It's about more and more of our skills becoming obsolete. It is inevitable that (anorganic) non-humans will at some point be better than us in everything
We're not there yet and it is debatable how long it will take before we get there but again: it is inevitable that we will get there. That is, unless you believe (and can prove) that humans will always be better than anything in something. The fact of the matter is that the human body is a general purpose platform that has evolved for survival in an earthlike environment, which makes it highly unlikely to (permanently) excel at specific things. Don't get me wrong, the human body is a marvel and I like a lot of things about my specific body, but to consider it the epitome of what the universe can create would be nothing but arrogance.
The above is why your argument needs additional support that in this specific instance the human skills that will not have been superseded by those of non-humans (both technically and economically) are sufficiently untapped to (economically!) offset the skills that have been or will shortly be superseded.
For the Luddites, that support is provided trivially. The entire skillset derived from intelligence, cognition and dexterity was still highly untapped at that point.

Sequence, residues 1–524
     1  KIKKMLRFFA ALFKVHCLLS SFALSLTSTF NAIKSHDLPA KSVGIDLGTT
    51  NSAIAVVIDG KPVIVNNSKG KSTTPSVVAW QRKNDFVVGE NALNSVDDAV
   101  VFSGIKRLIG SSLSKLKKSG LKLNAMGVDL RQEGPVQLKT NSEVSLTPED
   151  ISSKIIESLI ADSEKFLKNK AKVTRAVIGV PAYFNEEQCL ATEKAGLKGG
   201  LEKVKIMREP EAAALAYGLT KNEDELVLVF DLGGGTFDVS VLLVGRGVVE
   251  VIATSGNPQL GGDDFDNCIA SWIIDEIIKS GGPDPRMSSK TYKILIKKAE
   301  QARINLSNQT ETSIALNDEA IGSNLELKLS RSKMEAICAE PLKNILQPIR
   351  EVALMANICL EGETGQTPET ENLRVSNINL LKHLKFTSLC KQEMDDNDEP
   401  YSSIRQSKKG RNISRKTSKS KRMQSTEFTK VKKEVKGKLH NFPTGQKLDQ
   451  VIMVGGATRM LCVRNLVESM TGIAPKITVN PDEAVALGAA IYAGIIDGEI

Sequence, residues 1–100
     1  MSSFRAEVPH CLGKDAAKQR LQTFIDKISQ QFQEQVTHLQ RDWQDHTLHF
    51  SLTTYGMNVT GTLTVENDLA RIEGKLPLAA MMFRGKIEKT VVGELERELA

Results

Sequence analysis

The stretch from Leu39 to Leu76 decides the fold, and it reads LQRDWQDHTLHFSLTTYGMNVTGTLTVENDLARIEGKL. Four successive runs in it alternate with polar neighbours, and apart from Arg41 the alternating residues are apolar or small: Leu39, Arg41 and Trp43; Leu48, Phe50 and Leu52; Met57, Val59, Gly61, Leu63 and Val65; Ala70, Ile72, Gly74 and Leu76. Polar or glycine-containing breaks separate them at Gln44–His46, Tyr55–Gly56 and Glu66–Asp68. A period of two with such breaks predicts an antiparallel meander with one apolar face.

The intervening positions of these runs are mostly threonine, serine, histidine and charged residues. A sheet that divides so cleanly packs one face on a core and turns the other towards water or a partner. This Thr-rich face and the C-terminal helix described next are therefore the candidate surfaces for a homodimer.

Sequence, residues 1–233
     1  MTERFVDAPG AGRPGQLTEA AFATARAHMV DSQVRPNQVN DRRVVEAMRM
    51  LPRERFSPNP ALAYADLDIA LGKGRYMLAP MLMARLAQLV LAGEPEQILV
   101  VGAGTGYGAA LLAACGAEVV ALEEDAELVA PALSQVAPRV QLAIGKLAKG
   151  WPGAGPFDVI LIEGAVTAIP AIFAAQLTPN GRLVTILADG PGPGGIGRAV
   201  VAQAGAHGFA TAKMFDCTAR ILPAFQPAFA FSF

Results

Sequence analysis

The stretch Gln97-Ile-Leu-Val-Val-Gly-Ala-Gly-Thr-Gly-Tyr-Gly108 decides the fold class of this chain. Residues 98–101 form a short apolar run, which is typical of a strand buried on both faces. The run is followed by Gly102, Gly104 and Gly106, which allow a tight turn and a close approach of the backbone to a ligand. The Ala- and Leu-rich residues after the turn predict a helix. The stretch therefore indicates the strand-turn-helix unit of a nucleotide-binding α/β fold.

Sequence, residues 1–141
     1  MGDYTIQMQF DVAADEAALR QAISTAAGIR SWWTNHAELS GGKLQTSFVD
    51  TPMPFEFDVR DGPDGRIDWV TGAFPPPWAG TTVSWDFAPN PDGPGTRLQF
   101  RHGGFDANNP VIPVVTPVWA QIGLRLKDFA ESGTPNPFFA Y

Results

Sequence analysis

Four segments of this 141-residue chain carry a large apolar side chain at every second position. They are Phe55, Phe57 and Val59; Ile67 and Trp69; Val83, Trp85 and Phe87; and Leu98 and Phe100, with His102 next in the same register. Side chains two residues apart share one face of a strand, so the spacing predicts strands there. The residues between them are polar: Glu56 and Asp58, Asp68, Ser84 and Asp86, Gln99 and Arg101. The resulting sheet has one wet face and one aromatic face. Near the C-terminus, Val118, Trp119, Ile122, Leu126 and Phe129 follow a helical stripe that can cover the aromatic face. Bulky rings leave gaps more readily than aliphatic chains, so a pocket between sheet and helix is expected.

Humans have been trumped in dexterity (and numerical processing for that matter) for a long time now, but in tasks where cognition is highly necessary for the dexterity to be useful we still have a leg up. The (specialized) dexterity and strength of robots has relied on very simple specialized sensing and strict constraints to function. Only now are we getting to a place where powerful (visual) cognition is getting close to being precise enough to coordinate robot dexterity in complex ways. There is a huge difference between knowing that the hole for the screw is going to be at exactly x,y,z (or using lasers to detect whether there is a hole at that location) and just looking at the thing and recognizing the hole, knowing where it is and how to move the arm to put the screw in the hole. In essence, I'm talking about 'hand' 'eye' coordination.
This is very relevant in the self-driving cars area. The hard part about driving is not (really) knowing what decisions to make, given certain circumstances. The hard part is situational awareness, specifically by looking at the environment, knowing what is what and how it will behave.
So forget about the AI-bit for a few years (although it is very relevant in this discussion). In the short term we're about to be surpassed in the area of 'hand'-'eye'-coordination. And that is not a small thing.